The goal of our Club is to provide opportunities to study buttons that are worth collecting, and share that knowledge as we come to appreciate their beauty and history. Collectable buttons include all buttons - antique and vintage, uniform and military.

Meetings are held at 8 p.m. on the second Tuesday of each month (except January) in the Fellowship Room of the Burwood Heights Uniting Church (A-frame) on the corner of Burwood Highway and Blackburn Road, Burwood East.  (Melways Ref. 61 K7)


The idea of a button collecting club was conceived in 1995. The Victorian Button Collectors Club became a reality in 1996 when, through word of mouth and personal contacts, we held our first meeting at a private home. As individual button collectors, we had been aware of established button clubs in America and the United Kingdom. In Melbourne at that time, there was very little public information about buttons available, button collecting was not a hobby most people had heard of, and it was difficult to find collectable buttons even in antique shops. The Victorian Button Collectors Club was established to encourage the collecting, preservation and appreciation of buttons, antique and modern, and research into the history relating to their origins and uses. Most of all, the club provides an opportunity to meet like-minded people.  If you are a member you can Find out more . . .

We are sorry to announce that the Club's Annual Buttonfest on Saturday October 9th has been Cancelled.

Another Button Story

Starting on the 1st of November,  there will be a new button posted on the Home page twice per month.

Click on the image to enlarge the button.


This year marks the 25th (Silver) Anniversary of The Victorian Button Collectors Club

The Buttons - The larger button carries hallmarks which indicate it was made by George Jensen between 1933 and 1944.  The word “Sterling” is on the left hand side of the shank and “Denmark” on the right.  The GJ hallmark is above the shank and the number “57” below it.  The smaller button was made between 1909 and 1914 and has George Jensen’s mark for that date, “826S”, and another mark I can’t trace.

Georg Jensen  -  Georg Jensen was born on the 31st August 1866 in Raadvad, Denmark, and died at the age of 69 on the 2nd October 1935 in Copenhagen.  He was a Danish silversmith and designer who achieved international prominence for his commercial application of modern metal design.  The simple elegance of his works and their emphasis on fine craftsmanship, hallmarks of Jensen’s products, are recognized around the world.  (Britannica.com)

Jensen began his training in gold smithing at the age of 14 with the firm Guldsmed Andersen, Copenhagen, and left when his apprenticeship ended in 1884 to follow his artistic interests.  In 1887 he enrolled at the Royal Danish Academy of Fine Arts where he studied sculpture with Theobald Stein.  He graduated in 1892 and began exhibiting his work.  He also studied ceramics with Joachim Petersen.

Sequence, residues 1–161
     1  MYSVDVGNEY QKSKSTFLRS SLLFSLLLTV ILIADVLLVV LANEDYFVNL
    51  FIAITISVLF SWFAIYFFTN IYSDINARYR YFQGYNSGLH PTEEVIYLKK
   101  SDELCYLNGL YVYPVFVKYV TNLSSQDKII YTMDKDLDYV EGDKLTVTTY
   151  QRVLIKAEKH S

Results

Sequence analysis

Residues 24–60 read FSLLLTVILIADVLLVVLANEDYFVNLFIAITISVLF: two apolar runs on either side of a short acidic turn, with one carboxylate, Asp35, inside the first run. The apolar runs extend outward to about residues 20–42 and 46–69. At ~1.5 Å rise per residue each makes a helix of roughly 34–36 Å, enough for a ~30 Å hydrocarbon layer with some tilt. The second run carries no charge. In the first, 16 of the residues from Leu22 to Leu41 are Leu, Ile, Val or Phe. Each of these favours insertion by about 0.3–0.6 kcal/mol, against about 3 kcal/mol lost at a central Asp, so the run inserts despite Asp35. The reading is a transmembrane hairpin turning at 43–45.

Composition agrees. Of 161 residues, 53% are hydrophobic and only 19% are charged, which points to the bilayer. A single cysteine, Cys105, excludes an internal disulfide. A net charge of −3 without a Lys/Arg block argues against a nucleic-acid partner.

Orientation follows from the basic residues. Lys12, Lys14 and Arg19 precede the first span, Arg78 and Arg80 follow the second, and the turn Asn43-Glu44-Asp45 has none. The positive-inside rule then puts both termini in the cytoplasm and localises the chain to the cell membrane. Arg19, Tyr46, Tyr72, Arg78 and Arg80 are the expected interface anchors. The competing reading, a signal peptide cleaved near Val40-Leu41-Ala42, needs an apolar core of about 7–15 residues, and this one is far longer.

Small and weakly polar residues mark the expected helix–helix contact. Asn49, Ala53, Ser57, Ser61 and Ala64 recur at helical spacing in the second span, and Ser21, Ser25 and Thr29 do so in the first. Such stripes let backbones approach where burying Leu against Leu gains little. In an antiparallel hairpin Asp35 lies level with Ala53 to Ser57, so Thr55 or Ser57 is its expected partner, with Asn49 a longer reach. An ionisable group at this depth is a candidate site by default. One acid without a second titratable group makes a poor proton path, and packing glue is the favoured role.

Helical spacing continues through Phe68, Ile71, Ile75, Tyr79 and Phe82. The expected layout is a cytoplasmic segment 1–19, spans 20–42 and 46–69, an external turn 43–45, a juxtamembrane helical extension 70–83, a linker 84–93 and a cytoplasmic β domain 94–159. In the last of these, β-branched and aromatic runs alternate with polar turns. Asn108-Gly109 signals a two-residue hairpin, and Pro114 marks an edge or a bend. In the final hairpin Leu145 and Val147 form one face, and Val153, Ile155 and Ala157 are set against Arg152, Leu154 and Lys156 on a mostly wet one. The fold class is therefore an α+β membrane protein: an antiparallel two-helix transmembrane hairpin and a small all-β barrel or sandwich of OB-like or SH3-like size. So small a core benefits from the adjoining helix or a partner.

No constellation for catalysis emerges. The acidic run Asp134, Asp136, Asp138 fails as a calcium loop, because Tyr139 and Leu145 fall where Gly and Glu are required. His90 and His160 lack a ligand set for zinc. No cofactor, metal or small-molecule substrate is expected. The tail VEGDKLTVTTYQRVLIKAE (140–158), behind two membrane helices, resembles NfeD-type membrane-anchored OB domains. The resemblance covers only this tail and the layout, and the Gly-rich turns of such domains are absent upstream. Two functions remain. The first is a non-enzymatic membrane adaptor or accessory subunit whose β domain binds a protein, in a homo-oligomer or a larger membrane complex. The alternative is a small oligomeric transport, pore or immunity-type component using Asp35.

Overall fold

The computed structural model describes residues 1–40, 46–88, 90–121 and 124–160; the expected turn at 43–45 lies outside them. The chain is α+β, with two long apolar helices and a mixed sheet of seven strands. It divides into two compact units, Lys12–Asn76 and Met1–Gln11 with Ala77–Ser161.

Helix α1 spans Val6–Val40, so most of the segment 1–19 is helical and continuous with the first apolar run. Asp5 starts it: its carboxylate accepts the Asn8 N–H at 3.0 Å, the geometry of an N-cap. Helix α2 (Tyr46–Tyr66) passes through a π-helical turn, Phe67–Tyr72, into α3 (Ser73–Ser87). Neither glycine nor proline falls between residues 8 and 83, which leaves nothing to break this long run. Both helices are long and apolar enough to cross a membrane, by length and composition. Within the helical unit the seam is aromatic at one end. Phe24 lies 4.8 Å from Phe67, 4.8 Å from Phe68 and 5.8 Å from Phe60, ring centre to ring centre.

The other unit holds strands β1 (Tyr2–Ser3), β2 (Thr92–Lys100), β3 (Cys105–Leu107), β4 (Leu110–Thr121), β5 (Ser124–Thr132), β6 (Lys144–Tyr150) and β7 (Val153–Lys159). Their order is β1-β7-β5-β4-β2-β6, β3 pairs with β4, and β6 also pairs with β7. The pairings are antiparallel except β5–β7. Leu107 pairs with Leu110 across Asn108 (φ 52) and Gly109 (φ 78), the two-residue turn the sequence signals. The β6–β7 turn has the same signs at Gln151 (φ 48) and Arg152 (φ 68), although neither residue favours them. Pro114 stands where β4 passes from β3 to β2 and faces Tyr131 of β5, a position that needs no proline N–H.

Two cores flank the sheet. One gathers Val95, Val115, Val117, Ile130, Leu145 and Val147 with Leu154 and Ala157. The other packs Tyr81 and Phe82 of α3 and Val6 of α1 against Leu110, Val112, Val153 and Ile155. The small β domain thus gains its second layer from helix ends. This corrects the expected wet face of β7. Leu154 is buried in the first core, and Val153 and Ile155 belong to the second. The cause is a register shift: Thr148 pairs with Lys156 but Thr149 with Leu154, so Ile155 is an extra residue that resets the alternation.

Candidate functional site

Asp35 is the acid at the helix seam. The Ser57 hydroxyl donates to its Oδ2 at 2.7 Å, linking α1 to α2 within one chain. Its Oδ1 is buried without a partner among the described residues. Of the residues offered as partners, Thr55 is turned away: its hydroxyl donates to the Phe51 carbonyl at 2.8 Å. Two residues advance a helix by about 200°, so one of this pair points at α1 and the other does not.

Although his ceramic sculptures were well received, making a living as a fine artist proved difficult and he turned his hand to the applied arts.  First as a modeller at the Bing & Grøndahl porcelain factory and, beginning in 1898, with a small pottery workshop he founded in partnership with Christian Petersen.  Again the work was well received, but the sales were not strong enough to support Jensen, now a widower, and his two young sons.

Jensen made his first piece of jewellery in 1899, a silver and silver gilt "Adam and Eve" belt buckle.  In 1901, Jensen abandoned ceramics and began again as a silversmith and designer with the master, Mogens Ballin.  This led Jensen to make a landmark decision, when in 1904, he risked what small capital he had and opened his own workshop at 36 Bredgade in Copenhagen.

Jensen's training in metal smithing along with his education in the fine arts allowed him to combine the two disciplines and revive the tradition of the artist craftsman.  Soon, the beauty and quality of his Art Nouveau creations caught the eye of the public and his success was assured.  (Wikipedia)

Danish Silver - Under the Danish Hallmarking Act of 1893, the content standard for all silver was set at 826 parts out of 1,000, which is slightly lower than the standard for sterling which is 925.  The Danish mark, 826S was used until about 1915 when silversmiths raised their silver content to 830 and eventually to 925.  Georg Jensen did not switch to the sterling standard until 1927.  (Jensensilver.com)                      

CLUB JOURNALS - Update 19/8/2021
Our February and March meetings were the only ones we were able to hold in 2020, and the topics for both meetings were recorded in the May Journal.  The August and November Journals were not produced.   The May 2021 Journal has been sent to all members.  The August 2021 Journal has been sent out to all members.


BUTTON BANTER is now up and running for members only. It has its own heading at the top of the Home page which you can see once you log in.  Click on this heading to view contributions.  If you want to add an item use 'Add Button Banter'  under the Member Menu on the right of that screen or the Home page.  

Button Banter is for you to share your button interests with other Club members, ask advice or give feedback. You can also see other members buttons or Button Challenge Cards or join in and show your own. It is preferable to post your photo in portrait format.



Our September Meeting has been cancelled.  The topic of Lucite Buttons will be presented at a later date.